Is your town well connected? Terms such as connectivity and porosity are used to describe how well people can move around a place. Can people easily move around your town through its streets, squares, alleyways and paths without coming to a dead end? Think about the number of obstacles (badly paced signs, bollards or benches) that disrupt the flow of movement; how much greenery there is; the amount of street given to vehicles, pedestrians and cyclists; and how sociable the streets are:
“A road can’t just be a highway space. It has to be a social and environmental space too.” 
Cars dominate many towns, but recent changes to the approach taken to streets developed through the ‘Manual for Streets’ and the London Mayor’s Office ‘Better Streets’ aim to remove the dominance of the car and redress the balance between the vehicle, pedestrian and cyclists. This can increase social interaction, revitalise trade, and reduce accidents.  The ideas suggest that streets can be places for people to inhabit and enjoy. Think about the impact of all forms of transport and their dominance in your town:
- Vehicles: The volume and speed of traffic has an impact on how spaces are used. Fast moving traffic or heavy vehicles can intimidate pedestrians and create an uncomfortable experience. By identifying which routes are most used, where busy intersections are found and which are rarely used, you will find out how vehicles move through your town. In some cases, by-passes or ring roads direct traffic around the town centre, reducing congestion within.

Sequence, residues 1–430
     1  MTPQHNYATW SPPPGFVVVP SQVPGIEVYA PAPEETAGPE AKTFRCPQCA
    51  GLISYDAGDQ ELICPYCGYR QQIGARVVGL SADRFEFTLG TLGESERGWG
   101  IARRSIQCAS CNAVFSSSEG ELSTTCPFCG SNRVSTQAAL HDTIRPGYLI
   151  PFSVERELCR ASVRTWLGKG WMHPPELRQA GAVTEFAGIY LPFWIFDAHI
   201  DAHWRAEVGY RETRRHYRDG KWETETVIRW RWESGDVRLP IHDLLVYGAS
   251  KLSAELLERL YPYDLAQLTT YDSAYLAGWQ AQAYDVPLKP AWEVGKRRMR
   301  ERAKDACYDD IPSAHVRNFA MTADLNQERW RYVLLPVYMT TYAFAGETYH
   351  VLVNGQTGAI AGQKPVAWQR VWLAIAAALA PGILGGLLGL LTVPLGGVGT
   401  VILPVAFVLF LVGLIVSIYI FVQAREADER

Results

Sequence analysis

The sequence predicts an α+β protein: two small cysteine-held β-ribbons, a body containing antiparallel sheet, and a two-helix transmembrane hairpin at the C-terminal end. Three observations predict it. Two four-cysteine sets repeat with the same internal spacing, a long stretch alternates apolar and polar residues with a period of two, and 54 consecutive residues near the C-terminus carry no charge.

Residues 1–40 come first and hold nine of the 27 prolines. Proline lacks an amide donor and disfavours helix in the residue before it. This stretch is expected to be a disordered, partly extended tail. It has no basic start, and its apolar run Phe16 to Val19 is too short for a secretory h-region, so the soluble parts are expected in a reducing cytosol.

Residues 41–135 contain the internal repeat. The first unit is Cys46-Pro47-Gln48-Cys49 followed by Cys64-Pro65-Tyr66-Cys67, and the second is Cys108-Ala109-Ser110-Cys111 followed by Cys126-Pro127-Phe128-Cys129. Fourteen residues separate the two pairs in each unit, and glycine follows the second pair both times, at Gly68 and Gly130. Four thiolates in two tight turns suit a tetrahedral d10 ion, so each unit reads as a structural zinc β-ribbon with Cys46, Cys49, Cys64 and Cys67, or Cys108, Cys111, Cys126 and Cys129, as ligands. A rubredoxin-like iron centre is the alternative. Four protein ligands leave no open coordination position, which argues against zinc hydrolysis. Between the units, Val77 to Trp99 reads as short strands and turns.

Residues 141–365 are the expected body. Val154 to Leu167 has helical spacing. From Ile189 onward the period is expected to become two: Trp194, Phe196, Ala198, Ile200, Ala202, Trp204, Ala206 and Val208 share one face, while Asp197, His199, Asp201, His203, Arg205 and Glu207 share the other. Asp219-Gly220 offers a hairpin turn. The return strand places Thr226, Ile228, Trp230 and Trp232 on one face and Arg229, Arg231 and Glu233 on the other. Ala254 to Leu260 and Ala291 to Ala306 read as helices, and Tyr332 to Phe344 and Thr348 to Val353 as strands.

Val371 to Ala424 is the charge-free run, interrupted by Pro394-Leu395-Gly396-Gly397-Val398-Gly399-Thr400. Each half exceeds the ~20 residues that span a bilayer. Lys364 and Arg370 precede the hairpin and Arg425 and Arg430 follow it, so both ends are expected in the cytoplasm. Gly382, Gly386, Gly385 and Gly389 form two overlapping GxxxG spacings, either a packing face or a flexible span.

- Public transport: Train and bus links are important for connections within the town and to other places, especially for commuters and the elderly. Map the locations of stops within your town and frequency of services.
- Pedestrians and cyclists: Small towns are ideal for the use of sustainable transport, and safe routes for pedestrians and cyclists can encourage low-carbon living.
- Parking: Parking is a major concern in small towns today. Providing access to retail, employment and leisure facilities, parking is used by residents, locals and visitors. A balance is required between town centre parking for short stay and disabled users, and edge of town parking for longer visits.
Some towns were founded at important points on historic roads, such as drover’s routes or at fords, and these roads have now become major thoroughfares, providing the primary means of access to town centres. Do historic routes still exist in your town?
How do people know when they have arrived at your town? The thresholds between towns and their surroundings are often marked by speed restrictions or ‘Welcome to...’ signs. However, some towns have invested in innovative threshold markings or landscape or artistic interventions to let people know they have arrived.
Questions to ask:
- Where are the main routes through your town?
- Where are the ‘gateways’ to your town and how are they marked?
- Are there good links between your town and the surroundings?
- Where is there the most and the least traffic?
- Which are the most popular pedestrian and cycle routes?
- Are there designated cycle paths?
- Are there any points of conflict between different road users?
- Which form of transport is dominant?
- Where are bus or train stops and shelters?
- Are there areas not well served by public transport?
- Where are car parks located?